Colorado offers $7 mn in grants to electrify vehicle fleets
The Colorado Energy Office has launched the Fleet-ZERO grant program, which aims to provide financial support for charging equipment and infrastructure, enabling a shift away from traditional diesel- and gasoline-powered vehicles.
The grant program offers $7 million to businesses, local governments, nonprofits, and other entities to help electrify their vehicle fleets, including light, medium, and heavy-duty vehicles.
“Fleet vehicles, in particular, are major contributors to dangerous air pollution like nitrogen oxides and particulate matter,” stated Matt Lerman, infrastructure program manager at the Colorado Energy Office. Fleet vehicles significantly impact pollution due to their extensive usage, accounting for only a fraction of vehicles on the road but responsible for 22 per cent of road-based greenhouse gas emissions in Colorado.
Lerman emphasized the importance of addressing fleet vehicles within the program, stating, “It’s essential to make sure that those vehicles that have that big impact and have that high mileage and high emission consideration are dealt with in this program.”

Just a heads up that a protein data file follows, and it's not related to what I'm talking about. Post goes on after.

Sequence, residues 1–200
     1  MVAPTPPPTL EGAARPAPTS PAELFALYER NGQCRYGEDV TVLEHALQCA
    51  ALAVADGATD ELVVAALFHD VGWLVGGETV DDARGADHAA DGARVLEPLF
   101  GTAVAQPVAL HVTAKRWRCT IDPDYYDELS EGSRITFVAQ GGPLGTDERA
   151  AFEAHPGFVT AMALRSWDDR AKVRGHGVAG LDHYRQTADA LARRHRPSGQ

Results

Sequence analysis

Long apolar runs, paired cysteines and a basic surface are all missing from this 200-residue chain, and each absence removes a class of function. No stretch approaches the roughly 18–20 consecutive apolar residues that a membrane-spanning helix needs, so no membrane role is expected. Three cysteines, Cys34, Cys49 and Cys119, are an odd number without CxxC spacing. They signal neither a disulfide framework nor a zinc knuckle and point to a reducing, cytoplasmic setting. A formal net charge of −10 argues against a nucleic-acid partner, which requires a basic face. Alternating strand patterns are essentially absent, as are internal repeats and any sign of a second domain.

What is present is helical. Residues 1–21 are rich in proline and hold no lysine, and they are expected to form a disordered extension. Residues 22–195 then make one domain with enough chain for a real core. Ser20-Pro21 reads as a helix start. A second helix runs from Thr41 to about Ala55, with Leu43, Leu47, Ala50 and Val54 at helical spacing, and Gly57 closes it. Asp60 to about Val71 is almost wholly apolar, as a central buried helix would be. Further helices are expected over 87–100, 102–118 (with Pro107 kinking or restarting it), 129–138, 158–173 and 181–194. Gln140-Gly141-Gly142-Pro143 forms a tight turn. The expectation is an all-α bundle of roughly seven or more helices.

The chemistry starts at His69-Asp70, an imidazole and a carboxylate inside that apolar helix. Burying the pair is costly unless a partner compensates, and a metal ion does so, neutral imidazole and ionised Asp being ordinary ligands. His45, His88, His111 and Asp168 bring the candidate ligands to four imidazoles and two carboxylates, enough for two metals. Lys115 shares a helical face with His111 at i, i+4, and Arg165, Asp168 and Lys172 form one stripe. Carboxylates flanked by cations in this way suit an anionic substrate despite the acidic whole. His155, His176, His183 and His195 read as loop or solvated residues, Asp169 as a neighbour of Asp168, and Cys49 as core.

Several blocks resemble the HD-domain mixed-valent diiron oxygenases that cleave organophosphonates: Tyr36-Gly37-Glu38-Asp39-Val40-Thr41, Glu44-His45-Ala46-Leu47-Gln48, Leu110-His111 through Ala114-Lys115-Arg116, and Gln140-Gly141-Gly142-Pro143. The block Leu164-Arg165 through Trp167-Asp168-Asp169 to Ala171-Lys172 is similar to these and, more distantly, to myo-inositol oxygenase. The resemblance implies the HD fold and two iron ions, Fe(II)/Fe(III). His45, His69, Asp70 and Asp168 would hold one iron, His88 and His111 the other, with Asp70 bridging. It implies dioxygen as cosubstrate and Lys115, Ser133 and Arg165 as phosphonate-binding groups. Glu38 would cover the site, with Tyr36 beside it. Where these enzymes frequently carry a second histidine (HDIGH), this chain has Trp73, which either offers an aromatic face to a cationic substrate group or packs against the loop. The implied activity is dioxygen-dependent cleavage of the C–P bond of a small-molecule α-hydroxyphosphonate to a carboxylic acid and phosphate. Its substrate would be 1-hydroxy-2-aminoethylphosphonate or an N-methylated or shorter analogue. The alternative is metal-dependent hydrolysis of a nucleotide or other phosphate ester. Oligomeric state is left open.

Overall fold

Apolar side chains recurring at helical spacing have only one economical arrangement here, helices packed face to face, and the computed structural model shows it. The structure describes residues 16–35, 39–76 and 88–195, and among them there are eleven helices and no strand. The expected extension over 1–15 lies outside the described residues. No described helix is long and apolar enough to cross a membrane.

The grants provided through the Fleet-ZERO program will vary depending on the complexity and power capacity of the charging systems. Awards range from $3,000 for relatively simple charging infrastructure to approximately $500,000 for more advanced and high-powered systems. Certain groups will receive more generous grants, including disadvantaged, minority, and small business enterprises, nonprofits, school districts, and tribes.
The funding for the Fleet-ZERO program comes from a fee on retail deliveries and a federal program. It is part of a larger plan that includes $310 million in electrification funding available through the Colorado Energy Office and other state agencies in the coming years. Colorado’s budget provides tax credits for new and used electric vehicle purchases, supports programs for e-bikes, and promotes home electrification by replacing gas appliances with induction ranges and heat pumps.
The state targets having one million EVs on Colorado roads by 2030.
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